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The first Anzac and Poppy Days

NZ Newswire logoNZ Newswire 24/04/2017

More than 260,000 poppies were sold in New Zealand on the first Poppy Day on April 24, 1922.

The sale of 245,059 small poppies and 15,157 larger versions raised 13,166 pounds, equivalent to about $1.25 million today.

Of that money, about a quarter was sent to help war-ravaged areas of northern France and the rest went to unemployed returned soldiers in New Zealand, and their families.

After Colonel Alfred S. Moffatt took the idea of selling artificial poppies to the New Zealand Returned Soldiers' Association in September 1921, an order was placed for the poppies with Frenchwoman Madame E. Guerin, who conceived the original idea.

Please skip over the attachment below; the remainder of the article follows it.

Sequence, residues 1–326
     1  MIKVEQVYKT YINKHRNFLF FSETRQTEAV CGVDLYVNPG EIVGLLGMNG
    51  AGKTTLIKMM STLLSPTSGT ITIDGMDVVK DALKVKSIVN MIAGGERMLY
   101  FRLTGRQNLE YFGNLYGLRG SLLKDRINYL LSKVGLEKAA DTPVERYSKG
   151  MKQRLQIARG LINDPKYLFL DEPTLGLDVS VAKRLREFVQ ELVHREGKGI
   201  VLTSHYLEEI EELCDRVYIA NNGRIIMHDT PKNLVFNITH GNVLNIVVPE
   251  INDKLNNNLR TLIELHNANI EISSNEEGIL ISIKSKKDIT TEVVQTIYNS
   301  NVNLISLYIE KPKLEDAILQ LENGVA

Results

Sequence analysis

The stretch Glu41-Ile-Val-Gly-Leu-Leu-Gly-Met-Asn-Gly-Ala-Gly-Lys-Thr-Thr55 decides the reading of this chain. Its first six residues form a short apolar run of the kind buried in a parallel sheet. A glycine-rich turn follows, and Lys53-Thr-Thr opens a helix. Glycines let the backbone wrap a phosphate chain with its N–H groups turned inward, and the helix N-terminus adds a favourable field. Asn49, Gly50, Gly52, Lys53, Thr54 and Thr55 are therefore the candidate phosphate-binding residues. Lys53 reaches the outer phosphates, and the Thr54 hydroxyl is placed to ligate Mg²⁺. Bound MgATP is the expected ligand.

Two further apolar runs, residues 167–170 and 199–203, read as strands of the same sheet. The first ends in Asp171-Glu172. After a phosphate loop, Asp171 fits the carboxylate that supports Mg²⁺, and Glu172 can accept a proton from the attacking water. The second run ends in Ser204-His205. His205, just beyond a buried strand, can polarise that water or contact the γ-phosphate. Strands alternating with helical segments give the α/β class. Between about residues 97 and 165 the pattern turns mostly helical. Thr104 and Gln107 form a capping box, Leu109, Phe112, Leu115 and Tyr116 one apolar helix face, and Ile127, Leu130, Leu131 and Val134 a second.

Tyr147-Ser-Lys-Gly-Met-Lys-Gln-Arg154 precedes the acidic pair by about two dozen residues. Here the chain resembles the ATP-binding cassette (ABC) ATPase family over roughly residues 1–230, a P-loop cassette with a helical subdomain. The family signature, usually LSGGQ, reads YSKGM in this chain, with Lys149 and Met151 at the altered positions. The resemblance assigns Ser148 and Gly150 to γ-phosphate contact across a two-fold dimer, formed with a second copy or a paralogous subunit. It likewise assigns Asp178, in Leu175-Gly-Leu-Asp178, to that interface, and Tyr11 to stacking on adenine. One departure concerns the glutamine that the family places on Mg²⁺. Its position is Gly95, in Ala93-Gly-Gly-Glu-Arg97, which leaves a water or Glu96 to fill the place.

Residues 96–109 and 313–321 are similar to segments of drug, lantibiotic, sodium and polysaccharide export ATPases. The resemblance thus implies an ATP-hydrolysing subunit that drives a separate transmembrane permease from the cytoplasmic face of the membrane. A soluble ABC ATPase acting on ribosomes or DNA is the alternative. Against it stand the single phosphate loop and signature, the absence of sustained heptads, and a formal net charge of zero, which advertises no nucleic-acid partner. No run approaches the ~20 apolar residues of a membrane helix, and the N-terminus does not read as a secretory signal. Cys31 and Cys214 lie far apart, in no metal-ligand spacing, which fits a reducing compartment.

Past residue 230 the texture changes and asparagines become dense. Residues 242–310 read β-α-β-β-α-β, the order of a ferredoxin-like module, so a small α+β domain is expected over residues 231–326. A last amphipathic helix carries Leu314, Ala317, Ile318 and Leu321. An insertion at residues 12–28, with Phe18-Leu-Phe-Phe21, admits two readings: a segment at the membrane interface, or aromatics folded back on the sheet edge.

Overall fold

As the shipment arrived too late to hold Poppy Day in conjunction with Armistice Day on November 11, the NZRSA decided to postpone it until the day before Anzac Day, 1922.

After the success of the first Poppy Day, the appeal has been held each year since - usually on the Friday prior to Anzac Day - with money raised now going to returned service personnel and their dependants.

Anzac Day, meanwhile, was first gazetted as a half-day holiday in 1916, before becoming a full public holiday in 1921.

The first dawn ceremony was held in 1939 and the Anzac Day Act was passed in 1966, allowing activities after 1pm.

April 25 marks the anniversary of the landing of New Zealand and Australian soldiers on the Gallipoli Peninsula in 1915.

Anzac Day was marked a year later and has gone through many changes since, but remains rich in tradition and remembrance, as much about nationhood - embracing the wider community, rather than just the military - as it is recalling wartime deeds.

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